IT Policies

Fifteen tips for the new manager from an experienced IT pro

If you think you learned all you really need to know in kindergarten, you've never been an IT manager. Read these tips from a seasoned pro to avoid first-timer errors.

Moving from a purely technical net admin role to a managerial position can be a long and winding road full of pitfalls. Steven Crane has become quite familiar with that road during his 16-year career in the IT industry. For eight years, he was an IT manager for major blue chip "fast moving consumer goods" (FMCG) companies such as Gillette and Parker Pen. In that time, Crane faced and overcame many management challenges. To help newly appointed IT managers avoid some of the mistakes he's made, he offers these 15 tips gleaned from his experience.

Tips for developing your management skills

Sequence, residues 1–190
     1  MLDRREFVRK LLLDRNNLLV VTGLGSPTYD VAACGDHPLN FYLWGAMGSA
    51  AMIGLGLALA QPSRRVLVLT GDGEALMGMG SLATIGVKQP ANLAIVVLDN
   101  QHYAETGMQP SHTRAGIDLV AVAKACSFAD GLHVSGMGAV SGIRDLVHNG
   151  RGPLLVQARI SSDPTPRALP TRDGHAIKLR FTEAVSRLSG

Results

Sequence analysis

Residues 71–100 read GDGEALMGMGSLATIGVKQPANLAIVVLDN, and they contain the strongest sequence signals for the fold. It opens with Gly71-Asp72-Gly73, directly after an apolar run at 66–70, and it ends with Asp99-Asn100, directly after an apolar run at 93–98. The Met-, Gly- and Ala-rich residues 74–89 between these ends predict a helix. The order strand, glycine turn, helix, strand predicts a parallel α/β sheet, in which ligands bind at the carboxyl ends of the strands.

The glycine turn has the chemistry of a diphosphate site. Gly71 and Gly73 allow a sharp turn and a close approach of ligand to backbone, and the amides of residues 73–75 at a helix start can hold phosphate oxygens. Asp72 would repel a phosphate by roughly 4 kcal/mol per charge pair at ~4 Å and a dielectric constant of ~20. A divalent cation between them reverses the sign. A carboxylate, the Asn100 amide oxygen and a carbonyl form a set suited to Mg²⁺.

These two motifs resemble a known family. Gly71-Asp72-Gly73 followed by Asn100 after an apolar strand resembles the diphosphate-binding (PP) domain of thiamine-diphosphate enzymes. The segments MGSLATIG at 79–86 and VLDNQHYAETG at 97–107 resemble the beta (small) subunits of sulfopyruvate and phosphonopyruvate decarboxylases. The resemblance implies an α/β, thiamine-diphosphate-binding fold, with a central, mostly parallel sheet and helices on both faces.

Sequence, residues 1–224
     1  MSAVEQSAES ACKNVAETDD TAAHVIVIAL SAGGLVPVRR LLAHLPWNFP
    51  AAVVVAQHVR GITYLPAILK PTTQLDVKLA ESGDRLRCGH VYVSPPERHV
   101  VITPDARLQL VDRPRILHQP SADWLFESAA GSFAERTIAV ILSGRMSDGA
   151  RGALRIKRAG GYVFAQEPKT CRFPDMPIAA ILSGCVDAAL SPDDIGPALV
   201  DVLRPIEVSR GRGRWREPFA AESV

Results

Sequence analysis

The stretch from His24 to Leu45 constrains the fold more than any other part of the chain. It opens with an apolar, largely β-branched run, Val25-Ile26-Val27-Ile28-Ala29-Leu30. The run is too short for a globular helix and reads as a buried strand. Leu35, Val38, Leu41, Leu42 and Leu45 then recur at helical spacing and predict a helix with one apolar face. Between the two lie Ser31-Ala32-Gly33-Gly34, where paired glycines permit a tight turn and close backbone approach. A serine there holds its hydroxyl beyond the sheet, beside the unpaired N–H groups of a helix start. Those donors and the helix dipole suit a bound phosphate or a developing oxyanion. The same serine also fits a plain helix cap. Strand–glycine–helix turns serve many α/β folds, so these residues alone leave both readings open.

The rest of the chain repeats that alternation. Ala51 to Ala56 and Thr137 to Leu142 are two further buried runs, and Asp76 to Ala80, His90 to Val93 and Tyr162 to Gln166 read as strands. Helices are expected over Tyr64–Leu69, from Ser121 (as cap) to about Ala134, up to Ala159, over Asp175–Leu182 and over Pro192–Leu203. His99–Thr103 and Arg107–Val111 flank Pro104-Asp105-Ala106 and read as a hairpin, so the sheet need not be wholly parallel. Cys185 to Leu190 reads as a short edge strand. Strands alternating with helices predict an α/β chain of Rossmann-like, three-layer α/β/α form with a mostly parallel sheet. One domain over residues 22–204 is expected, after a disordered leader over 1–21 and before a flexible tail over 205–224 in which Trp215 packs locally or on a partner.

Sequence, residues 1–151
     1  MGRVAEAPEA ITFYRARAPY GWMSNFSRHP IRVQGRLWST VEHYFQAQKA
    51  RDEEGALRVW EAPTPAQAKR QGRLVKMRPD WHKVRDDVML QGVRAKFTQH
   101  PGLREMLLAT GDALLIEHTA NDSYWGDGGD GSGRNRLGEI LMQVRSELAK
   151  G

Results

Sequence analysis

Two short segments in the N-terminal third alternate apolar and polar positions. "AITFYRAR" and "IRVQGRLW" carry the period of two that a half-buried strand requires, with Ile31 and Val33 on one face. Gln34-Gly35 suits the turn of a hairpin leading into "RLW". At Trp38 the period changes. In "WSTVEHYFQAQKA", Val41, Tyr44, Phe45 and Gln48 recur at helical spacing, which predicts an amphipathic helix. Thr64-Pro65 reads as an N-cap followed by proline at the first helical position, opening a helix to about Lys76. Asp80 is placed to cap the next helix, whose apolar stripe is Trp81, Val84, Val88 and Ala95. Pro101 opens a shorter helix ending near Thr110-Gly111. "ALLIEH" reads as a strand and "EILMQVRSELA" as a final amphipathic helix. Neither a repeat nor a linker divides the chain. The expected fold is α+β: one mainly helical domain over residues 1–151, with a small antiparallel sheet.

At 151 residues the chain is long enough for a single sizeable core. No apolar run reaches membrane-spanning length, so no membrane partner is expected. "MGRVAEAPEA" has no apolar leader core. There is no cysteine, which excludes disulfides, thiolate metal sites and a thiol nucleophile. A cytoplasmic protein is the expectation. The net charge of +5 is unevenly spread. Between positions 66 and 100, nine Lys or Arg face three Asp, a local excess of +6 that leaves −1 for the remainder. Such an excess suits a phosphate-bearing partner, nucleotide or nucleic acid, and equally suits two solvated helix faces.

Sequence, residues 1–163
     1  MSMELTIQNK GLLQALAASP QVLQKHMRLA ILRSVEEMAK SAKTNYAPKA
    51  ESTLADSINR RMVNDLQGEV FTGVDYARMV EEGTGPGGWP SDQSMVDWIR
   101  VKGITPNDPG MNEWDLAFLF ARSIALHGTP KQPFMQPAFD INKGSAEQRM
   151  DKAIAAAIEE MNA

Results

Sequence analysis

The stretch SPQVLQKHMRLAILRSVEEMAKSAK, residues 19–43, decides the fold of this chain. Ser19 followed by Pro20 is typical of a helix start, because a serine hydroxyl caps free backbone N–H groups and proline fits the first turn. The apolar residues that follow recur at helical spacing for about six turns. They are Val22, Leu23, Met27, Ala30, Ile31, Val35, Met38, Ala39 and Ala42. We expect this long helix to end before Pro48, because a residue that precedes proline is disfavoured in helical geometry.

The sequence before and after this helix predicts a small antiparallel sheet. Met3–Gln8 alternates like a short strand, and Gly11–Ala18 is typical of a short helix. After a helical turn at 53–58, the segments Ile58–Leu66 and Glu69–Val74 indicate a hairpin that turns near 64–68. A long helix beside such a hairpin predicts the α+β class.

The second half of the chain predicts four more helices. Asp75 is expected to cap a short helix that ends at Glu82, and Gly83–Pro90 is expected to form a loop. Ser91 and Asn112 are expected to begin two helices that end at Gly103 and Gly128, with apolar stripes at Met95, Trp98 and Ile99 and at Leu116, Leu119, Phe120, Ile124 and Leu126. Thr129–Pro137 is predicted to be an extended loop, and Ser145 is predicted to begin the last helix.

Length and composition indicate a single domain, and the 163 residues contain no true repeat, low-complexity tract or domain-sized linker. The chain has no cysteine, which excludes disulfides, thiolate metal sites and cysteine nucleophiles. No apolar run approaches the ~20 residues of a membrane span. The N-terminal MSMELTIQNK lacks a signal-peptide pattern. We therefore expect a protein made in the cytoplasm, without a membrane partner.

• #1: Read the One Minute Manager series of books by Ken Blanchard. A one-minute manager is someone who gets good results without taking much time, according to Blanchard. Apply his three easy steps to management and situational leadership.
  • #2: Learn the internal politics of your organization, and network with peer and upper managers. Ask their advice. Managers usually like to help other managers.
  • #3: Find and understand your own weaknesses as soon as possible. Remember, you're allowed to take training, too, so make sure you do.
  • #4: Learn to manage an IT budget down to the last penny and clearly show the business where money can be saved.

Tips to improve your communication with executive staff
  • #5: Don't take day-to-day problems to your boss. Instead, take recurring issues and optional solutions to the problem. Then, ask which approach your boss would recommend.